Boxoffice (Apr-Jun 1937)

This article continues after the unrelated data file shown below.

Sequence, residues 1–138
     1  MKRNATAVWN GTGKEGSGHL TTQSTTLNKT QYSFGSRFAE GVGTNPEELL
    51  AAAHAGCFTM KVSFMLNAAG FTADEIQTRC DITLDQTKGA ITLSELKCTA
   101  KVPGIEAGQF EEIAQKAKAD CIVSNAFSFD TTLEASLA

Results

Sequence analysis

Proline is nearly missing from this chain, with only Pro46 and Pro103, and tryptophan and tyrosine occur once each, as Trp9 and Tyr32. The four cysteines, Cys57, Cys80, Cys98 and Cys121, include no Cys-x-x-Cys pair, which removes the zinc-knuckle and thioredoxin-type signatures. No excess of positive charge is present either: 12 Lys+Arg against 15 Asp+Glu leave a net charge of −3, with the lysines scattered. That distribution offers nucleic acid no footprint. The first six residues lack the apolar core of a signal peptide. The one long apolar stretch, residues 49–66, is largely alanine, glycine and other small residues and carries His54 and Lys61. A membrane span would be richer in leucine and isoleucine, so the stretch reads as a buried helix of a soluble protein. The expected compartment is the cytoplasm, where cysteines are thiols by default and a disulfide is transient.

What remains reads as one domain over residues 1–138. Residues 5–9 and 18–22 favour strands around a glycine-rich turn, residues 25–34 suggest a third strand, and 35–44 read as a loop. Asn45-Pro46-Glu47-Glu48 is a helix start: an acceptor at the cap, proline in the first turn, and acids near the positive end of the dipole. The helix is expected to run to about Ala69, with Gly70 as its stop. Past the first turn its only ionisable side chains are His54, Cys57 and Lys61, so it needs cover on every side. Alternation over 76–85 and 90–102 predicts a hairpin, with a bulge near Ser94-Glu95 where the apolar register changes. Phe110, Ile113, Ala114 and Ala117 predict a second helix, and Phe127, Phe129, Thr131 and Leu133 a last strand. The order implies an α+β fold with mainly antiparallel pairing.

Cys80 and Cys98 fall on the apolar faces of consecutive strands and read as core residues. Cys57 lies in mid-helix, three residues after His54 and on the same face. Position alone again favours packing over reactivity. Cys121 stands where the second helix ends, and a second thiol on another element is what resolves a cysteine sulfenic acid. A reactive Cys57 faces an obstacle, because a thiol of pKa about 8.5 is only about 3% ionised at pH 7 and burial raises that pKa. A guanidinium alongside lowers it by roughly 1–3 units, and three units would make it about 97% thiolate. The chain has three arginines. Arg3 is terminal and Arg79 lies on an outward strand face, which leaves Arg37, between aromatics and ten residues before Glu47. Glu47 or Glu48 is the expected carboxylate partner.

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K AY € IE IE JOHN McMANUS, manager of the Mid^ land, who was held up and robbed the other night by two bandits, lost just $10 more than he might have lost. The evening before he asked John Hardgrove, his assistant, who “banks” for him, for a ten spot. Hardgrove had three ones and a twenty, but no ten. McManus took the twenty. Police Saturday charged Fred Martin of Kansas City, Kas., with first degree robbery in connection with the Midland theft. Martin was arraigned before Justice Louis J. Mazuch and, pending preliminary hearing May 4, was released on $3,000 bond. Kenward Ward, Midland usher, positively identified Martin as one of the two stickup artists. J. J. Kametz, who operated the show at Bunceton, Mo., has moved it to Wellsville. Beverly Miller, former National Screen Service manager here, and now Coolaire Distributing Co. manager, left Houston, Tex., the other day by air, stopping for brief appointments at Dallas, Oklahoma City, Wichita, Kansas City and St. Louis. He went on to Indianapolis to spend a week at the factory, and stopped in on Pilmrow Saturday for a few hours before returning to Houston. He’s following warm weather north and will reopen offices at 113 West 18th street in about three weeks. R. C. LiBeau, district manager for Paramount, held a business conference of branch managers here April 23. Attending were Morris Schweitzer, St. Louis; A. Mendenhall, Omaha; Ray Copeland, Des Moines, and Joe Manfre, Kansas City. When Mary Leith Miskell arrived at the home of William Miskell, manager of the Orpheum, Omaha, and Mary Miskell, three or four weeks ago, the newspapers had the information on the street before Papa Miskell knew. It sounds like a publicity man’s idea of a good stunt — and was. Ted Emerson, Orpheum publicity man, arranged for the nurse at the hospital to call the newspapers before calling Mr. Miskell. Mary Leith already is receiving gifts from men, which is pretty rapid development even for a daughter of William Miskell. W. P. Bernfield, UA exploiteer, wrote the Miskells the other day, “Glad to learn of your first boxoffice attraction, now showing at home,” and enclosed a ring for the young lady. Don Davis and Harry Somerville of RCA will leave Kansas City May 12 for Indianapolis and the RCA convention there, which opens May 13. A smallpox and scarlet fever epidemic has closed the Virgil, R. H. Morey’s house at Virgil, Kas. H. Hanson and Elmer Kunz were scheduled to open the Royal at Burlingame, Kas., May 1. C. E. “Doc” Cook of Maryville, Mo., is getting the basement dug for his new house at Savannah, Mo. Ulric "Yic” Williams of the Delphus, Carthage, Mo., was on Filmrow this week to report that his father, George Williams, was defeated in the election for councilman from his ward by 50 votes early in April. Mrs. Delphus Williams, after whom the theatre was named, has been ill with the flu. I. P. “Put” Williams, a brother of “Yic,” also is associated in the operation of the house. Senn Lawler, director of publicity and advertising for Fox Midwest, went to Wichita the other day and came back convinced that prosperity had returned to Kansas. “One good crop can wipe out ten years of errors by politicians,” Lawler was told by one wheat farmer. For the first time in the history of Kansas City, although it is riot new in other spots, two first run houses showed the same picture simultaneously this week. The Fox Tower and Fox Uptown both had “Wake Up and Live,” Twentieth Century-Fox picture. Mike Roth, Columbia exploiteer, has been busy like a beaver in his cubby-hole office in the Orpheum Theatre for the roadshow engagement of “Lost Horizon.” He has effected numerous tieups. A replica of the fantastic city of Shangri-La set is on display at Rothschild’s. Metro Premiums has moved from the KMTA office to 113 West IZth St., sharing space with the Standard Film Co. Nat Schnitzer, general sales manager, headquartering in Boston, is here this week conferring with I. Weinstein, local manager. W. L. Norris, Paul Humston and Les Durland of the local Monogram office will auto it to Chicago for Monogram’s national convention slated for May 7-8. Miss Leona Lindsey, formerly of the Independent Poster Co., has replaced Virga Wilkins in the booking department at Universal. Miss Wilkins is now with National Screen Service. Among the exhibitors seen on Filmrow this week were Louis Sosna, Moberly, Mo.; M. B Pressley, Savannah, Mo.; J. E. Pennington, Topeka, Kas.; F. L. “Doc” Lowe, Sterling and Hays, Kas.; Roy Dunnock, Atchison, Kas.; O. L. Christian, Parker, Kas.; Glen Newbold, Yates Center, Kas.; Prank Dodson, Ellsworth, Kas.; Frank Meade, Kingman, Kas.; Jim Russell, Lancaster, Mo.; J. W. Spielman, Baldwin, Kas.; Joe Ghosen, Sedalia; A. J. Simmons, Lamar, Mo.; W. C. Slinker, Strand, Greenfield, Mo.; Wm. Waers, Plattsburg, Mo.; Elmer Bills, Lyric, Salisbury, Mo.; Warren L. Weber, Ellinwood, Kas. Juveniles to Coast Kansas City — Five juvenile members from the original Broadway stage play, “Dead End,” were met Tuesday morning at the union station by W. P. Bernfield, UA exploiteer, and two Boxoffice representatives. The quintet, all boys, were en route to Hollywood to work in the film being produced by Samuel Goldwyn. The leading roles will be played by Sylvia Sidney, Joel McCrea and Humphrey Bogart. Fredonia House to Oxford Fredonia, Kas. — Perris Oxford, projectionist at the Novelty, Wichita, is opening the second house here, formerly operated by Art Pugh, who will continue with the local No. 1 house. Oxford will continue his duties at Wichita. • DON “High Fidelity” Says: ''The Mas'ic Voice of the Screen Has Taken the Country by Storm. Investigate Our Low Prices, Low Payments and High Quality. Nothing Else Comes Near Our Proposition (Turn to Page 69 for More Details) Don AVIS 906 Davidson Bldg — 17th & Main KANSAS CITY. MO. The World's Fastest Growing Sound Company BOXOFFICE :: May 1, 1937 125